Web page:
Martin Scorsese has always made films which have utilised the full potential of the cinematic medium by combining strong visual elements with incredible music. Labelled as a “great connoisseur of music” by none other than Mick Jagger, the soundtracks of many great Scorsese films have achieved iconic statuses in popular culture.
In addition to the exquisite use of songs by The Rolling Stones and The Animals among others, Scorsese has also worked as a music documentarian. Many of his music documentaries are enjoyed by fans all over the world, especially culturally significant works of art such as The Last Waltz and No Direction Home.
For his 1980 magnum opus Raging Bull, Scorsese had some special plans for the soundtrack which involved John Lydon and Public Image Ltd. The film starred Robert De Niro in one of the greatest performances of his illustrious career, playing the role of a flawed boxer whose tragic rise and fall is a haunting reflection of the human condition.
In his autobiography, the band’s bassist Jah Wobble revealed that he had actually met Scorsese with Lydon in order to discuss the soundtrack for Raging Bull. While recalling the meeting between them and the pioneering filmmaker, Wobble revealed: “We [John Lydon and I] ended up sitting in a penthouse apartment with Scorsese.”
Scorsese was reportedly a fan of Public Image Ltd and had even attended their first show in New York in 1980. After being mesmerised by their music at the Palladium, the director decided to talk to some band members to determine whether getting them to work on the soundtrack of his upcoming film was a real possibility.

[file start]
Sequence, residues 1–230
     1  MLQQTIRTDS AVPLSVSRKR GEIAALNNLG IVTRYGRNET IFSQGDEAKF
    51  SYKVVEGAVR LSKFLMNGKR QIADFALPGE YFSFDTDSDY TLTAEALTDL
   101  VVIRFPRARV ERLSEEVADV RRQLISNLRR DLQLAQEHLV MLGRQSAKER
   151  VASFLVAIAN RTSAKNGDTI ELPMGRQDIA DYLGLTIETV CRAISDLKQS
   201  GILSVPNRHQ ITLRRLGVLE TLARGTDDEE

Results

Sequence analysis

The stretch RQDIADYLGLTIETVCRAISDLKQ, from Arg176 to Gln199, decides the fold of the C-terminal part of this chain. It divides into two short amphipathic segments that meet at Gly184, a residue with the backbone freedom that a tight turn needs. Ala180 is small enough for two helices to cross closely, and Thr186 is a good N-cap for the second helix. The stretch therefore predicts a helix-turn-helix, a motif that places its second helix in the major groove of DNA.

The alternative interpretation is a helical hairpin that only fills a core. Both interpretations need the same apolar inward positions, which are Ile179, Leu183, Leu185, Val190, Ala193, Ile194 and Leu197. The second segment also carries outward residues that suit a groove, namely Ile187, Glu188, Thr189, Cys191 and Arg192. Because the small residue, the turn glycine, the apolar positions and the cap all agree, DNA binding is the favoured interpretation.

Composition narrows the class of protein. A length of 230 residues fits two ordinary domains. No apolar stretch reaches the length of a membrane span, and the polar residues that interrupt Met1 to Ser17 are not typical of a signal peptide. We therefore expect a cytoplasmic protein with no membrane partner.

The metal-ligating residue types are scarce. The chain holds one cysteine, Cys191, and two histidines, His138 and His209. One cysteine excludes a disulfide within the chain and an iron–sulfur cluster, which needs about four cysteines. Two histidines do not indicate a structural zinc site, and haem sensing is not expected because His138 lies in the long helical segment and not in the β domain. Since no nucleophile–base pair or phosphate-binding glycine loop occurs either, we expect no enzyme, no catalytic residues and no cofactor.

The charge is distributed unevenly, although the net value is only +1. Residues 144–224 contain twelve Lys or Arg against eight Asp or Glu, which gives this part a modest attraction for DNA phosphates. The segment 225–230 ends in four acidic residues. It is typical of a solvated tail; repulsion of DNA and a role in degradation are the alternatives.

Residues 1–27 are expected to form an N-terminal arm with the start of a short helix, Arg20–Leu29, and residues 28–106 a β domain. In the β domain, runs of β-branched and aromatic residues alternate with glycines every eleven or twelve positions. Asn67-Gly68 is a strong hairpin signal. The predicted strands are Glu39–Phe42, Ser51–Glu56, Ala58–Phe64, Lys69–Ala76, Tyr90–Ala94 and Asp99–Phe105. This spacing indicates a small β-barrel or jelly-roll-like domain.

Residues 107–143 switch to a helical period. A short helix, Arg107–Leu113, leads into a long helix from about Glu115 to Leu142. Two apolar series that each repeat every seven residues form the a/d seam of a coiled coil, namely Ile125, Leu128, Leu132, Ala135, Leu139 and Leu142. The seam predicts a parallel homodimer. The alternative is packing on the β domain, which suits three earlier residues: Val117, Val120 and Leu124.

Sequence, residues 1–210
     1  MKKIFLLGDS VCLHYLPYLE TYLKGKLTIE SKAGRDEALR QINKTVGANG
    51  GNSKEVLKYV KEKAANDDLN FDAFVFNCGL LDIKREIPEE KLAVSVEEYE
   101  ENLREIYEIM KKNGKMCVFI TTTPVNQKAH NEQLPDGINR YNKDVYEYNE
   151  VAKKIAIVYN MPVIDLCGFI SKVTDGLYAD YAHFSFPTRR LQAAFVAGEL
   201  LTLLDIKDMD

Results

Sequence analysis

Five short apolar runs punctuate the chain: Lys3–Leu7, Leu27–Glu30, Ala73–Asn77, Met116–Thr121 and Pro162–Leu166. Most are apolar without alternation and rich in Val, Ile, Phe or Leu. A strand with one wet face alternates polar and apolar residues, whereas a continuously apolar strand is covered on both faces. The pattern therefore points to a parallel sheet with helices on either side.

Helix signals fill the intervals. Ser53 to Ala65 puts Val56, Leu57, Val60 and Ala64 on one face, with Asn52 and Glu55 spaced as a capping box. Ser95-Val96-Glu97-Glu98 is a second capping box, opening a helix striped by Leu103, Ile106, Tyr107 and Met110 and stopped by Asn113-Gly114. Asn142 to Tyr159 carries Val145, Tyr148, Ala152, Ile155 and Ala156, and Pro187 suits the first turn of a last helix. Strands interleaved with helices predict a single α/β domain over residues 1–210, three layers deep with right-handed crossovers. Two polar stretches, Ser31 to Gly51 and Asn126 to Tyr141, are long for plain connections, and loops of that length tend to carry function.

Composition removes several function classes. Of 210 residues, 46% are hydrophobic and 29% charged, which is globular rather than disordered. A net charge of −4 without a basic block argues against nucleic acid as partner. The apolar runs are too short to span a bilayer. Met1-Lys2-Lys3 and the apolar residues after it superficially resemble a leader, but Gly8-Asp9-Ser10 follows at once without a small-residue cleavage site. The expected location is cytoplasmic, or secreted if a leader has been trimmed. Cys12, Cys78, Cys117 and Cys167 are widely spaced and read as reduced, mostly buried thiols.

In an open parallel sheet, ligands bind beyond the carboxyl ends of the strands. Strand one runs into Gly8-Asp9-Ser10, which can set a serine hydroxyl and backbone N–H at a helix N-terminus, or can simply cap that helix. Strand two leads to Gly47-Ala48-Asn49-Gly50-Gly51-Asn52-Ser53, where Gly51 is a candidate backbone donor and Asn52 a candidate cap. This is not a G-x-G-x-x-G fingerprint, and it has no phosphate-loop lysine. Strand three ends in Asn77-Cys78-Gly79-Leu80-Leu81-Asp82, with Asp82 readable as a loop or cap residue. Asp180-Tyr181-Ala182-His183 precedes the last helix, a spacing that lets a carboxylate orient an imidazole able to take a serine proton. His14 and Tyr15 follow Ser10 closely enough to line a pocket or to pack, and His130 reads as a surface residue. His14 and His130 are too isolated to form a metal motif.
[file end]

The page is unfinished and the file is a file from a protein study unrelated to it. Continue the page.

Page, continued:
However, Wobble was mostly disoriented for the entire meeting because of the travelling and the mixture of drugs and alcohol. He admitted: “Because of the combination of my first-ever jet lag, speed comedown, booze and general tour weirdness, I was very spaced out (I think I must have had a puff as well). My memory is a bit hazy.”
According to the bassist, Scorsese was very enthusiastic about the meeting and he could not sit still. Throughout the evening, the filmmaker kept talking about random things while discussing the plot and details about Raging Bull as well. Wobble also remembered that Scorsese looked out of the window at the people on Broadway and recited Orson Welles’ famous speech from The Third Man.
“Basically, Scorsese did a performance,” Wobble added. “I certainly wasn’t disappointed with Scorsese, he more than lived up to any expectations that I had. I dimly remember Raging Bull being discussed, the storyline and all that. I don’t think they showed us scenes from the film or anything. I vaguely remember thinking that they weren’t really serious. Anyway, we never did the soundtrack for Raging Bull.“